The ring I wear on my right hand used to be a spoon. It’s a flower-adorned counterpoint to the plain gold band on my left hand. I’ve had the spoon ring for about 6 months; I’ve worn my wedding ring for more than 30 years. Each is special in its own way.
More than 30 years ago, my soon-to-be husband and I pooled our money and purchased our matching wedding rings from a jewelry store in an Iowa shopping mall. The rings were simple, solid, and reasonably priced — $200 for the pair, if memory serves. They fit our fingers and our budget.
Last fall I was admiring artisan-made spoon rings at a downtown art show when dear husband asked, “Which one do you want?” I decided on the daffodil pattern because I thought the flower was pretty. He then whipped out $20 and bought the ring for me.
I have never had a traditional diamond ring. Back when we were engaged, he was still in tech school and didn’t have any extra money to buy a diamond for me. Over the years I joked that he could buy me a diamond for our 10th anniversary, or our 20th, or our 25th. However, as the years passed, I realized my diamond ring joke was just a joke. I’m good with a used-to-be spoon. I don’t want or need a diamond to prove the love my husband has for me or I for him.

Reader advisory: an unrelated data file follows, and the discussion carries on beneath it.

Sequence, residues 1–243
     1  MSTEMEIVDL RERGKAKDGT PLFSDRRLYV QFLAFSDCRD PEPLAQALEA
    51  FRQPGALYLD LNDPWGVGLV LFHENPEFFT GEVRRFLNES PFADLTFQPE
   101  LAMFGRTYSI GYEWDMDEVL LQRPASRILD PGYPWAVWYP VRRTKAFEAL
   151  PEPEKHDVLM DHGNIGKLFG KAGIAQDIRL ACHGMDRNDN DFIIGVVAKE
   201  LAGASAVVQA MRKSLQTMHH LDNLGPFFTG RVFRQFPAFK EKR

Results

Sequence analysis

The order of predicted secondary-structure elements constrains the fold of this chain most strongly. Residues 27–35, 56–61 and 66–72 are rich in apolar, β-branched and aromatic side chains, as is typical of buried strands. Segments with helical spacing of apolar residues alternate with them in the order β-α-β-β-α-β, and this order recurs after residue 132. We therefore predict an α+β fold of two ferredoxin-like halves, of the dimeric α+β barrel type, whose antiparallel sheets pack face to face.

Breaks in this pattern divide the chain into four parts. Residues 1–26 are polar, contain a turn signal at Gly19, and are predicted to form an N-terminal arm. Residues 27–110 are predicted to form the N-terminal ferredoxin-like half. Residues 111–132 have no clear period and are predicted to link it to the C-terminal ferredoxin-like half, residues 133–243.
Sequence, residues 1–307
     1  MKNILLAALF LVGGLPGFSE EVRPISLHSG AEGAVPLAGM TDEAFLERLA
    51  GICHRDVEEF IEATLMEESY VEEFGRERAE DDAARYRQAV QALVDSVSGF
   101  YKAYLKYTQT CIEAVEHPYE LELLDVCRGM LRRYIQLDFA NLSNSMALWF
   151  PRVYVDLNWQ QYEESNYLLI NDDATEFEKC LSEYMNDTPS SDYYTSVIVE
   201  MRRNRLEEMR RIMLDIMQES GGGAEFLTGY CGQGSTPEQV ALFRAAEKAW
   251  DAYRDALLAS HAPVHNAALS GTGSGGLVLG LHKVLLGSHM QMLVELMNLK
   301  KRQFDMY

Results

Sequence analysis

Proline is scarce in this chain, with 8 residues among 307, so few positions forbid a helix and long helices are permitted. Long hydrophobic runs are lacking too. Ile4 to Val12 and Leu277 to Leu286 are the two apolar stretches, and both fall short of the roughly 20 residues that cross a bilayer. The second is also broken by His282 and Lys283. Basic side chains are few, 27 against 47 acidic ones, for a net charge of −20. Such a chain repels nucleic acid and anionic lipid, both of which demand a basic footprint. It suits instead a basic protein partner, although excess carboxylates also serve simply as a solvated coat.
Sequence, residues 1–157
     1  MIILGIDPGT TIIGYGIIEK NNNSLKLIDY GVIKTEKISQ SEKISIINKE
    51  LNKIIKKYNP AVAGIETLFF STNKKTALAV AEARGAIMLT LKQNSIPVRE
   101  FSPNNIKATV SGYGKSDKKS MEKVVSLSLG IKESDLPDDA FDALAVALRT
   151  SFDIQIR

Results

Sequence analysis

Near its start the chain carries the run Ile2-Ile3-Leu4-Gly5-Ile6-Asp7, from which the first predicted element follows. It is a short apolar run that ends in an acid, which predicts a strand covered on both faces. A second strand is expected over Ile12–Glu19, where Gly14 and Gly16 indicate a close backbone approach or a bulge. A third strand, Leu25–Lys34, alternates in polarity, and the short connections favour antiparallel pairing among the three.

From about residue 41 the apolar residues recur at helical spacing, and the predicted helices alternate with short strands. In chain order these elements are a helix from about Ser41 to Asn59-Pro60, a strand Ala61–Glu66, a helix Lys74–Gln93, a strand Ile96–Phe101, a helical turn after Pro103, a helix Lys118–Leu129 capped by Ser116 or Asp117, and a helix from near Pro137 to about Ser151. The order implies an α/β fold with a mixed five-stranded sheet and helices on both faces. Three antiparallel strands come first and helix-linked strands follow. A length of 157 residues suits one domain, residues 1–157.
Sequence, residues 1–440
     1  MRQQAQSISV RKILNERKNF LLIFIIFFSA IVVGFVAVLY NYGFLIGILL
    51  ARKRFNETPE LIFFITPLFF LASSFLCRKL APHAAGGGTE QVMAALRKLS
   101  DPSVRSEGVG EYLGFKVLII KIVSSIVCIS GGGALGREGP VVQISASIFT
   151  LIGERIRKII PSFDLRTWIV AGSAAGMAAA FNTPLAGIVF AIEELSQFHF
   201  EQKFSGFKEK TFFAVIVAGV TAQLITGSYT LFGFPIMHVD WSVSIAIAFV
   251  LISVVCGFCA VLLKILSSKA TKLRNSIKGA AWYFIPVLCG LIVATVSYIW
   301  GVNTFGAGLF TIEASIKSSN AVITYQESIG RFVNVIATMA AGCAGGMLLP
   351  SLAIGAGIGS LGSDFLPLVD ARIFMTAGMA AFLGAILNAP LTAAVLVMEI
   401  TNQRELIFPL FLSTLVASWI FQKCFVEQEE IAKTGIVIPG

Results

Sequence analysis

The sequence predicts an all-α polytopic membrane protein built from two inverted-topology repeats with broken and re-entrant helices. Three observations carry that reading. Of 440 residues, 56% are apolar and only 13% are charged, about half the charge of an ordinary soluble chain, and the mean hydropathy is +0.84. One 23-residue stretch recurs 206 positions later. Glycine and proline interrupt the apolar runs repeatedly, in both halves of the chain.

You know what proves love? Scraping by on my part-time income when I was in graduate school and he was a laid-off landscaper during a drought. We worried, but he found another job and we rejoiced.
Love is bundling up the kids for overnight winter camping in our little, rented farmhouse, because the snowstorm knocked out the electricity and the rural electric co-op wouldn’t be able to repair the power lines until morning. We worried, but nobody froze. The kids thought it was an adventure, the power came back on eventually, and we rejoiced.
Love is keeping that whole “in sickness and in health” vow — through child birth, ear infections, fevers, and vomit, and trips to the ER for a broken bone or sliced finger. We worried, but nobody died. We persevered and we rejoiced.
For more than 30 years my husband and I have shared both ordinary and extraordinary experiences, with both worry and rejoicing. Because what proves love is simply carrying on together.
Rings are merely tokens. It’s not the price of the ring or the size of the rock that matters — it’s the meaning it holds that counts. If a diamond ring has meaning for you, that’s fine. But a plain gold band and a former spoon are rings of meaning for me.